Wednesday, February 04, 2015

Clearly, School District Administrators Disagree

Joanne tells us what everyone who's not a school administrator or a tech salesperson already knows:
Technology won’t close the achievement gap, writes psychologist Susan Pinker in the New York Times. “Showering students, especially those from struggling families, with networked devices” could widen the class divide, she warns.

In the early 2000s, nearly one million disadvantaged middle-school students were given networked computers. There was “a persistent decline in reading and math scores,” concluded a multi-year study by Duke economists. “What’s worse, the weaker students (boys, African-Americans) were more adversely affected than the rest,” writes Pinker. “When their computers arrived, their reading scores fell off a cliff.”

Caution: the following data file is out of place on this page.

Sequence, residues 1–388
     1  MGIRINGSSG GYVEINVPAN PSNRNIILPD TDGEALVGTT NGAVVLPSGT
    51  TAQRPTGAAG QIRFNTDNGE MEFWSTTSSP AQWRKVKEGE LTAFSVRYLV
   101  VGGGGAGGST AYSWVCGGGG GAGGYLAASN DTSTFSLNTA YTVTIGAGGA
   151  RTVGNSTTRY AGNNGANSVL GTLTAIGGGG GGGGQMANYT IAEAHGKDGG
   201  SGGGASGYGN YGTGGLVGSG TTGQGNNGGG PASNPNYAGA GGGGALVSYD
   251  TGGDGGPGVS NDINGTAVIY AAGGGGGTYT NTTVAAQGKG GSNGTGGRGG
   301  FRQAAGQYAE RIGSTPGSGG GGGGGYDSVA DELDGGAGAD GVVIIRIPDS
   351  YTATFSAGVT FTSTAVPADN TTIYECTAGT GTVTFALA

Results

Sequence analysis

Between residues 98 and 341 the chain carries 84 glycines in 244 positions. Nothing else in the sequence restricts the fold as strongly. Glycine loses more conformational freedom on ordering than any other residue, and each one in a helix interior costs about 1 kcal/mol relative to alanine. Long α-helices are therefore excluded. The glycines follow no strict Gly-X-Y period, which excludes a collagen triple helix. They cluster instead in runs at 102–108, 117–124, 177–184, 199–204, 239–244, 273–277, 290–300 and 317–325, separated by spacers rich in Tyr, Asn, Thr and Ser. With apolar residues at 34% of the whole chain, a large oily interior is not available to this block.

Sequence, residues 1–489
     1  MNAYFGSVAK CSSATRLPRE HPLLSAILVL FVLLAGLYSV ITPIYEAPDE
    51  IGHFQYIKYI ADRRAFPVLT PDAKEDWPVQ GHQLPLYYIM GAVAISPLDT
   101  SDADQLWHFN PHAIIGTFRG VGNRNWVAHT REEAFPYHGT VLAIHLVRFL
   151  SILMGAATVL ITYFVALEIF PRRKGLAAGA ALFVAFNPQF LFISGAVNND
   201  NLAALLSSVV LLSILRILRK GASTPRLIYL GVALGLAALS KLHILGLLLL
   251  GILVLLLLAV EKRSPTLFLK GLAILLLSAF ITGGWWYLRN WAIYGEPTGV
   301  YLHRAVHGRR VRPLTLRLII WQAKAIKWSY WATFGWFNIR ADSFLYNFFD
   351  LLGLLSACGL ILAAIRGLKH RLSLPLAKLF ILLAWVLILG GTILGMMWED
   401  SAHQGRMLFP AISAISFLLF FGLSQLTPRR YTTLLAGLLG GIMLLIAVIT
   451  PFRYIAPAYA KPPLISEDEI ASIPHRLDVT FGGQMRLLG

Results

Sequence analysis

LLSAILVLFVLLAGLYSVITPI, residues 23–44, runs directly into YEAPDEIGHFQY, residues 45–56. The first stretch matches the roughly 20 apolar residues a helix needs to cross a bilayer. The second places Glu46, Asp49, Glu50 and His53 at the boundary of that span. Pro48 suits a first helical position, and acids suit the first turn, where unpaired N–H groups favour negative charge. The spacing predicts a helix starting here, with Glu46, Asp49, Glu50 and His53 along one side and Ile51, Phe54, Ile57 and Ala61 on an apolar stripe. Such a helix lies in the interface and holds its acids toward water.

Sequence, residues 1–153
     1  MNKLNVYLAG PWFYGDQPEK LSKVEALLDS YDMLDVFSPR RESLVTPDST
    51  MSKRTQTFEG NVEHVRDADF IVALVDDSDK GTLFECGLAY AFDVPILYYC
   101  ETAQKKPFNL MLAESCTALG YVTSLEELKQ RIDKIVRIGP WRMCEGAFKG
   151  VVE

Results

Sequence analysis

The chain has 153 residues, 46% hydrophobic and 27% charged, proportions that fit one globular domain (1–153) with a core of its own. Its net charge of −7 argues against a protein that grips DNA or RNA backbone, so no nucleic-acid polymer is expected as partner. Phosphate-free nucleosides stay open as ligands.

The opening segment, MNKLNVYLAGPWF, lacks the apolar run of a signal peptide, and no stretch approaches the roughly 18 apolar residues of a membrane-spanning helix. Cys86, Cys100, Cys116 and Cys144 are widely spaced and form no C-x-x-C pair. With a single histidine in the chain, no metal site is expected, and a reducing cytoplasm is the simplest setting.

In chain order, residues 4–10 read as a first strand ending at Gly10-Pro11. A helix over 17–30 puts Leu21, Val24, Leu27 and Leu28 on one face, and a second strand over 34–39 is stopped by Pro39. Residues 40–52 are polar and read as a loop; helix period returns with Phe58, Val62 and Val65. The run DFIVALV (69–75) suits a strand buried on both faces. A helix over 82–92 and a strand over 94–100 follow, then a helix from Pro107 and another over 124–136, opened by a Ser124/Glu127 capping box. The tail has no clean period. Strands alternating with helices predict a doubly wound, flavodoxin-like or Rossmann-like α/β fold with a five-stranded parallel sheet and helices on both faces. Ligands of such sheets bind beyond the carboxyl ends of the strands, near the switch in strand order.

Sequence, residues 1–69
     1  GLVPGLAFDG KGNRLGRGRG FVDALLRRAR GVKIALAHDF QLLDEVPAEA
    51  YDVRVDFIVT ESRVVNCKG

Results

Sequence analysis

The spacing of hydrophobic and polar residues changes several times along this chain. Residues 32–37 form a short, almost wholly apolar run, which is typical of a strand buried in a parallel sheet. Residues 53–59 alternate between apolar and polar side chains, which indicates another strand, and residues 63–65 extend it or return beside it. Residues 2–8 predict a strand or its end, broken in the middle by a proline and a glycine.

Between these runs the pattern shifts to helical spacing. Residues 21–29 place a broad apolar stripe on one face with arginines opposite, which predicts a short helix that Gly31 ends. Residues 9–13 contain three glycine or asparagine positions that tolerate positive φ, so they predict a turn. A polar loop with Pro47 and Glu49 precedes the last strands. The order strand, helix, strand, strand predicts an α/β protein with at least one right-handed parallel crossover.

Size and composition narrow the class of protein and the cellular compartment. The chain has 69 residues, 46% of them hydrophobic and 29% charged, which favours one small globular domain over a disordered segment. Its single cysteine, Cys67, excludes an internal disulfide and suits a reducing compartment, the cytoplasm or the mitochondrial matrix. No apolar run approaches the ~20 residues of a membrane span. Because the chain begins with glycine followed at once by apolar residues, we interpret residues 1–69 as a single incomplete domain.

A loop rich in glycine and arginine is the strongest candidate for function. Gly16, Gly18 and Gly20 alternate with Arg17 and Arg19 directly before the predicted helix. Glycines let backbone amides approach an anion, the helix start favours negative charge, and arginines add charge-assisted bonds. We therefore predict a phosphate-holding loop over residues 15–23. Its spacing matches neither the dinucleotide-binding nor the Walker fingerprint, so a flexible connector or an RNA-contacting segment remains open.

If this surprises you, raise your hand. No hands? Hmmm.

How many billions have been spent chasing this phantom?  There's no royal road to geometry, and there's no silver bullet for closing the achievement gap.


maxutils said...

Darren, you're just not on the cutting edge. Clearly, the best improvement we've seen in math skills has occurred due to the introduction of calculators in elementary school…

Ellen K said...

Our late and unlamented superintendent never met an Apple product he didn't like. As a result he blew through our stockpile of savings and bought IPads for every single kids K-11 (sorry seniors). And what happened? The kids play games all the time. They watch movies rather than working in class. They download viruses. And some of the equipment from our more transient students has ended up in Mexico. In the meantime, the same demographics that scored low before in spite of draconian measures to lure them to tutoring, still score low.